Pairing wines with food has long been a complicated and confusing affair. For many years, people have left this to a sommelier in a restaurant, thinking it’s simply too confusing to be worth the effort.
Contrary to that, it’s actually much simpler than you might think. In this article, we’re going to take you through our basic guide to pairing wine with food.
If you love cooking and food as much as we do, then you’ll know that there are two different ways to pair tastes: congruent and contrasting. Those are some big, fancy words, so let’s break it down.
A congruent pairing is one where both items have similar flavours and compounds in their makeup. A good example of this could be beef and mushroom. Both of those foods have rich, dark flavours, and so they pair together very well.
A contrasting pairing is one where the items have few shared compounds, but because they’re so opposing in their flavours, they compliment each other well. A good example of this is the pairing of coconut and lime. Coconut is rich, decadent, and creamy, while lime is sharp, acidic, and tart. These two flavours pair together well as they each offer something which supplements the other’s flavour. Another classic example of this style of pairing could be in salted caramel: the salt offers a new depth of flavour that is totally not present in the caramel. Using that knowledge, it can be applied when selecting your wines.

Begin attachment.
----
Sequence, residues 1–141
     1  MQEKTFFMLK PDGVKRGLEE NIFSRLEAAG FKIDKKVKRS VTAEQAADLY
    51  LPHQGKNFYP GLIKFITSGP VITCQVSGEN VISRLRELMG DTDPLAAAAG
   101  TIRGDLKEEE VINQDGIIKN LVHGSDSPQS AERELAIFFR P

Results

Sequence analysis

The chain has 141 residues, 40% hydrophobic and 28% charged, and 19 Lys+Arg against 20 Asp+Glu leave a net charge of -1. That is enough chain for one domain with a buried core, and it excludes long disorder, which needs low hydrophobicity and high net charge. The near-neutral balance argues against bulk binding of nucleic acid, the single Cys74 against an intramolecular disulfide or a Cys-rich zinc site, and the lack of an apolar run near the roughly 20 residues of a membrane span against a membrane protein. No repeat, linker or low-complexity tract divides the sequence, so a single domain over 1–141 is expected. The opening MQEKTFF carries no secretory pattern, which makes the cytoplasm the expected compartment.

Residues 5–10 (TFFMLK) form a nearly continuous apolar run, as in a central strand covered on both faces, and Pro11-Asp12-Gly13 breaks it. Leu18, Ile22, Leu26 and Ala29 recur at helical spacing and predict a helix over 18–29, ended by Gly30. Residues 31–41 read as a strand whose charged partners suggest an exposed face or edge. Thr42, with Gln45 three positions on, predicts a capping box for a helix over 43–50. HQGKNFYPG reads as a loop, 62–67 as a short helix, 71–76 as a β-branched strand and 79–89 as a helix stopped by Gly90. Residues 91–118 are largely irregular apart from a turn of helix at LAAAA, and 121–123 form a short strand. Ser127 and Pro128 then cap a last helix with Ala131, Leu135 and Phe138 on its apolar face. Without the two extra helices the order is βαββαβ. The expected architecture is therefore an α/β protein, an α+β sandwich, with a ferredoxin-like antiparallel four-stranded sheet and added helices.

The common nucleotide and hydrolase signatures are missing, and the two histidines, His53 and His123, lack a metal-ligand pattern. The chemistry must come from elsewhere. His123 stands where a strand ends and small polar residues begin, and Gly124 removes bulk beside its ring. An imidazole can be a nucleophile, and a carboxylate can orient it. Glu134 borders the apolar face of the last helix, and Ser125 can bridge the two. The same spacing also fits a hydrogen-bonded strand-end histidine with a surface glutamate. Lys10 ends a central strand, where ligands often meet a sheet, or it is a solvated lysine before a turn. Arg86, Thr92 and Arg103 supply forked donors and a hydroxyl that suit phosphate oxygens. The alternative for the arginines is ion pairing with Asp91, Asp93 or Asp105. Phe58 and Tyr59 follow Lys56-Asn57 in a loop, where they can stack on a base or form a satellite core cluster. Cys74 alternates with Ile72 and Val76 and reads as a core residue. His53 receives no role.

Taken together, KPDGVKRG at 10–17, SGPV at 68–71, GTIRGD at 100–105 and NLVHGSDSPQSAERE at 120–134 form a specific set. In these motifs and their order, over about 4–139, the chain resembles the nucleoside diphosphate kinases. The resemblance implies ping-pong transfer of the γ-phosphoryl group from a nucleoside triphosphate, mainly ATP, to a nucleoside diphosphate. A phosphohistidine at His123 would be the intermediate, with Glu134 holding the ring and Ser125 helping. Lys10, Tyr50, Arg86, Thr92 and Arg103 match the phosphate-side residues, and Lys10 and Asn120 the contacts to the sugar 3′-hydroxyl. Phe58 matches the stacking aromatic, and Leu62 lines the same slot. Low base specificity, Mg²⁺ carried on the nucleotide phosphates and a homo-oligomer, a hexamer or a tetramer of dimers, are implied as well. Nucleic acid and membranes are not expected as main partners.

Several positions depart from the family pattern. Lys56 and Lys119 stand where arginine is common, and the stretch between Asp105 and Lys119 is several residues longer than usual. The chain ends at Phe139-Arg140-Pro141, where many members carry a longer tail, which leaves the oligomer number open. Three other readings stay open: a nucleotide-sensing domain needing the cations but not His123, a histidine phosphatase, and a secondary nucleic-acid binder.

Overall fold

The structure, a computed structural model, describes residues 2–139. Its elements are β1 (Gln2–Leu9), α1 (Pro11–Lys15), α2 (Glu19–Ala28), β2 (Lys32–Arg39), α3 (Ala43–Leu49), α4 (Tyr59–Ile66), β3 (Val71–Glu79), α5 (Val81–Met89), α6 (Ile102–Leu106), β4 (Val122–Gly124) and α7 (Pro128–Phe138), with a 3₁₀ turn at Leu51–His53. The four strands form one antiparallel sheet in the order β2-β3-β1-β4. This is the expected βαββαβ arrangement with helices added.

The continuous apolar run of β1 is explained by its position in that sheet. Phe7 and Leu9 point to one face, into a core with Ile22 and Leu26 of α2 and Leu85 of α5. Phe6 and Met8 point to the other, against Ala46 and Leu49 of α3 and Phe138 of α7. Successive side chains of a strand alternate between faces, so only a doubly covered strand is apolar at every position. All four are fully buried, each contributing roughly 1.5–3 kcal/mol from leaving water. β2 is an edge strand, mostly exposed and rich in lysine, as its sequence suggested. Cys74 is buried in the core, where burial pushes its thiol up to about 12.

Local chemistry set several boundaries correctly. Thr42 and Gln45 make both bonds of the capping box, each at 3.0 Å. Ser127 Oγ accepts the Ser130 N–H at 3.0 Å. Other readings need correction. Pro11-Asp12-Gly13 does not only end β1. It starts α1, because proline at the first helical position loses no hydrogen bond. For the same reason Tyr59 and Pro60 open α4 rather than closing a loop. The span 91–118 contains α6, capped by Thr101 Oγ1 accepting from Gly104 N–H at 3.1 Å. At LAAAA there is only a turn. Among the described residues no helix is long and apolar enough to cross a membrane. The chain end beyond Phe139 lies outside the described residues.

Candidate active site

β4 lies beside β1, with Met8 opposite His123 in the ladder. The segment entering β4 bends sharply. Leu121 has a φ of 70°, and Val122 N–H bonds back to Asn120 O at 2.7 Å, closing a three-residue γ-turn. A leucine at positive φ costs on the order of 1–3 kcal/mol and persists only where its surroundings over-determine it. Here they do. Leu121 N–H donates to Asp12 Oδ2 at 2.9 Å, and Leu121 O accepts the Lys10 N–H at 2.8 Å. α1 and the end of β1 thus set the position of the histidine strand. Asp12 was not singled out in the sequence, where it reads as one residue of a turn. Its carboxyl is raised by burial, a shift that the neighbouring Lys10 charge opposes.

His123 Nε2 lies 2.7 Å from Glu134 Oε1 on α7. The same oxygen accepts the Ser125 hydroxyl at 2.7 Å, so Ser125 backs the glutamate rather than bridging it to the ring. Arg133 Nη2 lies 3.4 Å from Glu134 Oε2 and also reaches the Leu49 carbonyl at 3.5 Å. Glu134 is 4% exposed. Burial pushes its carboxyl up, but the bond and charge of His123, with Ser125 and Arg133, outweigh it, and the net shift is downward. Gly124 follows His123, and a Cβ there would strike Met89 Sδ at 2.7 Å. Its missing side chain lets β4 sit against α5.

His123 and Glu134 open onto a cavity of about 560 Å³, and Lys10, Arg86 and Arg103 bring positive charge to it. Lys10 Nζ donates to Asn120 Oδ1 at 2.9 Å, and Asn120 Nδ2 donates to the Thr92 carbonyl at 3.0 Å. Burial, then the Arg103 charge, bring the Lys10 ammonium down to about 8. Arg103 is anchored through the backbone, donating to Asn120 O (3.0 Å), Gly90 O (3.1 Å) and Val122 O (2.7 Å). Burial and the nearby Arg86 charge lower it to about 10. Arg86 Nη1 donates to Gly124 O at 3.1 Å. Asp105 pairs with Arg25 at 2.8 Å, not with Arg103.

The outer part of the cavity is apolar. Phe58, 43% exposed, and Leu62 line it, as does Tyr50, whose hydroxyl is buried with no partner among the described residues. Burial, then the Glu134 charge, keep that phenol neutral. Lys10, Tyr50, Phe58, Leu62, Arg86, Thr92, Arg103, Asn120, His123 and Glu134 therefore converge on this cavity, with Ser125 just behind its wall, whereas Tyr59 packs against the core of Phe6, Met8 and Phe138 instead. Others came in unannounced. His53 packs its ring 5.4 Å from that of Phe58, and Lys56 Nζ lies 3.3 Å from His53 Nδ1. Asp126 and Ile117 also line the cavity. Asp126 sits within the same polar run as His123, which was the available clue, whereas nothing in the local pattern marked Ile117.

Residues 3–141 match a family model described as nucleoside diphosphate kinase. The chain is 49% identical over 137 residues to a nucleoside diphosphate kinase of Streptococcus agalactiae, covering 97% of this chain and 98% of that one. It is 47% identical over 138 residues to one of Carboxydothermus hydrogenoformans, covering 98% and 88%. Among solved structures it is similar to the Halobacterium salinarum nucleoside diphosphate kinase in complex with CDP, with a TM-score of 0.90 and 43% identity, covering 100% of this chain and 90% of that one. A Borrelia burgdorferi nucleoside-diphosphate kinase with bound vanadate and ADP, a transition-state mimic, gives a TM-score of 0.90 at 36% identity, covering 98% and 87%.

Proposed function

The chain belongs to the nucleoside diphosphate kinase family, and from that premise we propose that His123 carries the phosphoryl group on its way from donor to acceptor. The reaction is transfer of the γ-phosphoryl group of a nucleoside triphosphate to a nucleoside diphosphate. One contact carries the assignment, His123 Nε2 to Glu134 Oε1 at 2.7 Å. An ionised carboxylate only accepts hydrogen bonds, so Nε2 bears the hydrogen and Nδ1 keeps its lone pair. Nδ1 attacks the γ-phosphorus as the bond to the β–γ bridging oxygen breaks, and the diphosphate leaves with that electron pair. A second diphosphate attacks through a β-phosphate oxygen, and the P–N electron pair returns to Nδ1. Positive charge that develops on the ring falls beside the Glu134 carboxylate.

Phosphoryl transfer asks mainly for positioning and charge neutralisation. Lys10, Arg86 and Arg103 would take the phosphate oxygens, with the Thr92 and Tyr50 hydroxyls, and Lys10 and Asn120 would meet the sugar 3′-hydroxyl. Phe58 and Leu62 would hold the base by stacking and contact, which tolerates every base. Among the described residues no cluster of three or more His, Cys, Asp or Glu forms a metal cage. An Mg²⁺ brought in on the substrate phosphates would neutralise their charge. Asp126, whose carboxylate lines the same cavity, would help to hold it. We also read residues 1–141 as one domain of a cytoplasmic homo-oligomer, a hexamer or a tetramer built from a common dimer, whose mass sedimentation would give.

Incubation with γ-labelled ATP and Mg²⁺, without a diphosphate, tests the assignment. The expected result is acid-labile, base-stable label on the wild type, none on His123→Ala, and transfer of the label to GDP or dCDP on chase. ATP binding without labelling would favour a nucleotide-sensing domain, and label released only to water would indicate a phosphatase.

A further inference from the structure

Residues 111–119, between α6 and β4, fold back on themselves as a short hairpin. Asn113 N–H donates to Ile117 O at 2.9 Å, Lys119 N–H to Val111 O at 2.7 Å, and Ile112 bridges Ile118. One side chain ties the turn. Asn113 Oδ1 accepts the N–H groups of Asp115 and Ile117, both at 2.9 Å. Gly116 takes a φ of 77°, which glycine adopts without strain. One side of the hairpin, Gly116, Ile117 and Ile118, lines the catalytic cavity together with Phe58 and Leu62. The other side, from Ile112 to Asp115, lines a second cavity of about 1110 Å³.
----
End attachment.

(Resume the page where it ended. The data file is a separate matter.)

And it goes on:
Try to identify the main flavours in both your wine and your food. For example, is the wine mostly sweet, bitter, or acidic? Is your food mostly salty, piquant, or fatty? When you’ve identified the main flavours in your food, it’s a matter of selecting a drink which will either have a congruent or a contrasting pairing.
For the sake of argument, let’s pick a classic French dish: Escargot. Typically, the snails are served in a rich garlic and butter sauce, so the overall flavour is quite rich and fatty – quite the decadent entrée. If you wanted to create a contrasting pairing, you’d be wise to choose a white wine with high acidity like a chablis or a sauvignon blanc. This acidity will stand out against the rich, fatty quality of the escargot, cutting through beautifully, and allowing you to appreciate them both more.
If you wanted to create a congruent pairing, you would want to choose a wine with a creamy quality. That will match the creaminess of the buttery sauce, making the whole meal much richer and more decadent.
Whichever choice you make in that case is completely up to you and your selection will enhance different elements of your meal. Pairing food and wine enhances the dining experience. It can really be quite simple, and we’d be happy to help you choose from our carefully selected wine list of local and French wines.